Homer: The Odyssey

13. Book XIII

Odysseus, sleeping, is set ashore at Ithaca by the Phaeacians, and waking knows it not. Pallas, in the form of a shepherd, helps to hide his treasure. The ship that conveyed him is turned into a rock, and Odysseus by Pallas is instructed what to do, and transformed into an old beggarman.

So spake he, and dead silence fell on all, and they were spell-bound throughout the shadowy halls. Thereupon Alcinous answered him, and spake, saying:

'Odysseus, now that thou hast come to my high house with floor of bronze, never, methinks, shalt thou be driven from thy way ere thou returnest, though thou hast been sore afflicted. And for each man among you, that in these halls of mine drink evermore the dark wine of the elders, and hearken to the minstrel, this is my word and command. Garments for the stranger are already laid up in a polished coffer, with gold curiously wrought, and all other such gifts as the counsellors of the Phaeacians bare hither. Come now, let us each of us give him a great tripod and a cauldron, and we in turn will gather goods among the people and get us recompense; for it were hard that one man should give without repayment.'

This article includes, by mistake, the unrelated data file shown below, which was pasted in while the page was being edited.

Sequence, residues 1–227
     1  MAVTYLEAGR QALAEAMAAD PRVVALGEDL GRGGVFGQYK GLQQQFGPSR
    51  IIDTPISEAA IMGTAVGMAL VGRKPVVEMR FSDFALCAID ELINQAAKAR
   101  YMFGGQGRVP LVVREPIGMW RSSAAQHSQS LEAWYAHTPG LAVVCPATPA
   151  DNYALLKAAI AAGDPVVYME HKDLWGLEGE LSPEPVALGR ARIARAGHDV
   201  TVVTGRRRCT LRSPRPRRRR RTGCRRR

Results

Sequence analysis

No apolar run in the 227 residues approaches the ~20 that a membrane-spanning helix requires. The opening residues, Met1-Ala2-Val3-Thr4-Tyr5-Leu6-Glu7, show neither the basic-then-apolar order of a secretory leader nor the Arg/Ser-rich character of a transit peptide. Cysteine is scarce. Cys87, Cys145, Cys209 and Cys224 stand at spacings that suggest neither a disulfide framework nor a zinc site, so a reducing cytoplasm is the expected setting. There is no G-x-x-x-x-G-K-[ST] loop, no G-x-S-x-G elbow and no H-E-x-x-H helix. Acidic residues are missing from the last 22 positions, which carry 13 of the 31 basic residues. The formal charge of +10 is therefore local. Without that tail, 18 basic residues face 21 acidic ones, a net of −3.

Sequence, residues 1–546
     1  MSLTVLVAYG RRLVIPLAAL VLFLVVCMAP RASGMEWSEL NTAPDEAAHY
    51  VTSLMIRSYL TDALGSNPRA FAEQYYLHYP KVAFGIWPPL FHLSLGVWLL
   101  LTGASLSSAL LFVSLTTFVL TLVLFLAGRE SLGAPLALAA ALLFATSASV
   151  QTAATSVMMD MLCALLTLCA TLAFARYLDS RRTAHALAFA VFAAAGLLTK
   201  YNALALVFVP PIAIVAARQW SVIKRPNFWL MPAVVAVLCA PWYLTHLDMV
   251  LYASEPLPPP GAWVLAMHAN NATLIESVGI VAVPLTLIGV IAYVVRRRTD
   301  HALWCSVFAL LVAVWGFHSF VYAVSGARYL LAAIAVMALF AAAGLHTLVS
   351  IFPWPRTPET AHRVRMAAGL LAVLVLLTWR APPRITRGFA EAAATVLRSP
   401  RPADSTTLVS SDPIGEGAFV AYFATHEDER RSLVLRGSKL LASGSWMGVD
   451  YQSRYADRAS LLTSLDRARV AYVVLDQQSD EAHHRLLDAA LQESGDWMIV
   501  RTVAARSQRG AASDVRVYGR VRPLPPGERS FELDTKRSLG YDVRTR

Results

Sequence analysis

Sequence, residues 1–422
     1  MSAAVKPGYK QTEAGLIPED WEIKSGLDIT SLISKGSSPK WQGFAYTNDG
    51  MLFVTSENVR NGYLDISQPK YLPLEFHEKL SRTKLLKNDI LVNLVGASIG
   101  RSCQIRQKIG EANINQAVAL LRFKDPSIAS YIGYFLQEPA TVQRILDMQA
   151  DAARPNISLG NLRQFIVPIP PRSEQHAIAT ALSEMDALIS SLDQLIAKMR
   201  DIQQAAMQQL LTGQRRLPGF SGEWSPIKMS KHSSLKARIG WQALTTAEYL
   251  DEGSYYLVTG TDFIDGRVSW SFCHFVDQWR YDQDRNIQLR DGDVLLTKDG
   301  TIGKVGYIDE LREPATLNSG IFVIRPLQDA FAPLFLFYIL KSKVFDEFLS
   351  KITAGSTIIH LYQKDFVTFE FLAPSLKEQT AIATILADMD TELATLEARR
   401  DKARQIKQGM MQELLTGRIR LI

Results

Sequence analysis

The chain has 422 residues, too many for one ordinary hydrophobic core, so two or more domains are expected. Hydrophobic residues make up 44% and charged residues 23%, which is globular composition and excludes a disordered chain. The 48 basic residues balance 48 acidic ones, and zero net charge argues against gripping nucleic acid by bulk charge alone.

So spake Alcinous, and the saying pleased them well. Then they went each one to his house to lay him down to rest; but so soon as early Dawn shone forth, the rosy-fingered, they hasted to the ship and bare the bronze, the joy of men. And the mighty king Alcinous himself went about the ship and diligently bestowed the gifts beneath the benches, that they might not hinder any of the crew in their rowing, when they laboured at their oars. Then they betook them to the house of Alcinous and fell to feasting. And the mighty king Alcinous sacrificed before them an ox to Zeus, the son of Cronos, that dwells in the dark clouds, who is lord of all. And when they had burnt the pieces of the thighs, they shared the glorious feast and made merry, and among them harped the divine minstrel Demodocus, whom the people honoured. But Odysseus would ever turn his head toward the splendour of the sun, as one fain to hasten his setting: for verily he was most eager to return. And as when a man longs for his supper, for whom all day long two dark oxen drag through the fallow field the jointed plough, yea and welcome to such an one the sunlight sinketh, that so he may get him to supper, for his knees wax faint by the way, even so welcome was the sinking of the sunlight to Odysseus. Then straight he spake among the Phaeacians, masters of the oar, and to Alcinous in chief he made known his word, saying:

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